Bakery retailers could be forced to display their Food Hygiene Rating, as the Food Standards Agency (FSA) sets out its long-term goal for the scheme.

During a recent board meeting, the FSA asked members to agree that a mandatory approach to the display of ratings/inspection results would increase the potential to improve public health.

This was based on the grounds that mandatory display would strenghten both the Food Hygiene Rating Scheme (FHRS) in England, Wales and Northern Ireland, and the Food Hygiene Information Scheme (FHIS) in Scotland.

The Welsh Assembly has already taken the first step towards mandatory display, after it introduced its Food Hygiene Rating (Wales) Bill, this week.

The FSA has an ongoing campaign to involve all local authorities (LAs), with around 300 signed up so far. This equates to 79% of local authorities in the three countries. However, in England, 57% of these results are not displayed by the food businesses. Sixty-nine per cent of businesses do not display their results in Wales, 54% in Scotland, and 50% in Northern Ireland.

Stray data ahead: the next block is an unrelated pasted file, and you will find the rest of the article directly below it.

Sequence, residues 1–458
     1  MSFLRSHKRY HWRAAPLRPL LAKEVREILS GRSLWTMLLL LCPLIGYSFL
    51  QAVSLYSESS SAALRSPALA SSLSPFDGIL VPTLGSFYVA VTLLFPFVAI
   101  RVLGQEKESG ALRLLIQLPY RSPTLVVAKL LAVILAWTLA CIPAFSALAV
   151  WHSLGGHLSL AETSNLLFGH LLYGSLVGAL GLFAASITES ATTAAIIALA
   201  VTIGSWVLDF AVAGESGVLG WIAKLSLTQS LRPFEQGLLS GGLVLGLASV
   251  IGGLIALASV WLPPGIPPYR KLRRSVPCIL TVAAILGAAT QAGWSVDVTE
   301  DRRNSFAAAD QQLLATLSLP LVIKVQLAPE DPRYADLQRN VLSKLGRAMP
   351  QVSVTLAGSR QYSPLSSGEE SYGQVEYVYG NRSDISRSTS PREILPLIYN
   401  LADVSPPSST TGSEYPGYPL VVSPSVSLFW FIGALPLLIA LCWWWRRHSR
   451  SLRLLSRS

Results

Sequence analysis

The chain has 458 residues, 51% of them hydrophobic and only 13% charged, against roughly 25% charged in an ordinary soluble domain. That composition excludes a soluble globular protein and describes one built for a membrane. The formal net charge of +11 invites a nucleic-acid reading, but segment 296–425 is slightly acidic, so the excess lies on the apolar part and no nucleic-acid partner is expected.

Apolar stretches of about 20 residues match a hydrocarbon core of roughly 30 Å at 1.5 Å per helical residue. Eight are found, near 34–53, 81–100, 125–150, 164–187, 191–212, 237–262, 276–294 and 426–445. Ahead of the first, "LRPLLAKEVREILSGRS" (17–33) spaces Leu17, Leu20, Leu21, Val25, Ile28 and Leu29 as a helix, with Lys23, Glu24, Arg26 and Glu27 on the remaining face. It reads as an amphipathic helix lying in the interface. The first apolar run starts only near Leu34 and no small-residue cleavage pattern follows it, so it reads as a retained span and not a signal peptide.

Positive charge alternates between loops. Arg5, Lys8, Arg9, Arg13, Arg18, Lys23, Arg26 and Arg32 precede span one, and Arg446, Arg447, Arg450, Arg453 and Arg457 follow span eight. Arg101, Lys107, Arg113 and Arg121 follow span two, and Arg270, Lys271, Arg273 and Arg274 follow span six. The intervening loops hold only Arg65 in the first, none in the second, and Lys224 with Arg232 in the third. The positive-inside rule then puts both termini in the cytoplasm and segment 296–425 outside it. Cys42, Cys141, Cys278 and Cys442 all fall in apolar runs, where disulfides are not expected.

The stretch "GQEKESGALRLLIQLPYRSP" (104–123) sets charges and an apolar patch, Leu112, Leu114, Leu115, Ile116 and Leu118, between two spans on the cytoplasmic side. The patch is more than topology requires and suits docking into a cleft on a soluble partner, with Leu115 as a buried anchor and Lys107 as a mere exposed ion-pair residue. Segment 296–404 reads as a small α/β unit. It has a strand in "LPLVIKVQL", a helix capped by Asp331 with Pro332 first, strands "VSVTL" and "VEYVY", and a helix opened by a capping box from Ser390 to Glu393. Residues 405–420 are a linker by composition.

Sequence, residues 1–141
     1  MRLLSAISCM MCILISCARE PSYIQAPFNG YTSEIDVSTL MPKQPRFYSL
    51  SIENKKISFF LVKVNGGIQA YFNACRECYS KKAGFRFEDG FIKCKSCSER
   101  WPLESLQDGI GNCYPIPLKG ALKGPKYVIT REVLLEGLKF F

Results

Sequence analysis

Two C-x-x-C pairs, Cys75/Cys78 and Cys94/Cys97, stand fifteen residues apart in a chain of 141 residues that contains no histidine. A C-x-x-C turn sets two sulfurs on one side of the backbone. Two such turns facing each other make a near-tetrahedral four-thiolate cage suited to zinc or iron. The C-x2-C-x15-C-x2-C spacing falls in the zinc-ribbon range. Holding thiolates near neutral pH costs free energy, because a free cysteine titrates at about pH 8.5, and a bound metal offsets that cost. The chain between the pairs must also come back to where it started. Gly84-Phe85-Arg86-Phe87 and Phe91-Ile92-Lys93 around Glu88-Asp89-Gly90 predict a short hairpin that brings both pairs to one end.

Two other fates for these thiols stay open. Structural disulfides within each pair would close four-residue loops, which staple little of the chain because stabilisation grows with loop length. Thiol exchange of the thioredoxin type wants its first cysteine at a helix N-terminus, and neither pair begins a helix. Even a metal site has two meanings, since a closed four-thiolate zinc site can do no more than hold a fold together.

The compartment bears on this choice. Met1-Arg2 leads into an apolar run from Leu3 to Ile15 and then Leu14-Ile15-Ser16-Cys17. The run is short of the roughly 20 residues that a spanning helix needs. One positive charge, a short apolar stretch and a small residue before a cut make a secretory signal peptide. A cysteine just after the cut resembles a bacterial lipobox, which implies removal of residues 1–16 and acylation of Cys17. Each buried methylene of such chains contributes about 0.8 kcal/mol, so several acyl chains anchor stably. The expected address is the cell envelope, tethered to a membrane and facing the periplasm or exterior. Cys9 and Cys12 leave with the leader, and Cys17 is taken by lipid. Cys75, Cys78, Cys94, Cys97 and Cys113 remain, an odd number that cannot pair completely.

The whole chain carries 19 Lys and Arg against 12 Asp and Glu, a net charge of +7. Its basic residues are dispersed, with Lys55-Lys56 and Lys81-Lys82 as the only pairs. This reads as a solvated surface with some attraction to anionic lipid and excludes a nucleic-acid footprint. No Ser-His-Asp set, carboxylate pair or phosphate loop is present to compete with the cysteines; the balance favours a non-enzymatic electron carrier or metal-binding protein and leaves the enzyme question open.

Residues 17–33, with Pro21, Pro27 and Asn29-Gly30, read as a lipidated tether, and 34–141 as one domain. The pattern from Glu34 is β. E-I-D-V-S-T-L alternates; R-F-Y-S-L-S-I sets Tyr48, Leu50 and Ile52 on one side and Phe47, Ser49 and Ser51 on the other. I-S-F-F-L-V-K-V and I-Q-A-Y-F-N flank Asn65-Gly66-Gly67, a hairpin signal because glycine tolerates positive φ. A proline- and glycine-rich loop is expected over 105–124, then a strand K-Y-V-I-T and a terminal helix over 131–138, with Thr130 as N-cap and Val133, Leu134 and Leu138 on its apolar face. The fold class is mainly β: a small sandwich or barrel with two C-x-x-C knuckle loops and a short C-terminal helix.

A spokesperson for the FSA said that there was no target date set for the implementation of mandatory display, as firstly the FSA would require all LAs to be on board with the scheme.

The FSA said it was anticipated that 97% of LAs would have adopted the scheme by the end of 2012. It would then carry out a detailed Impact Assessment. “Mandatory display would also require a change in legislation, which could take time,” she added.

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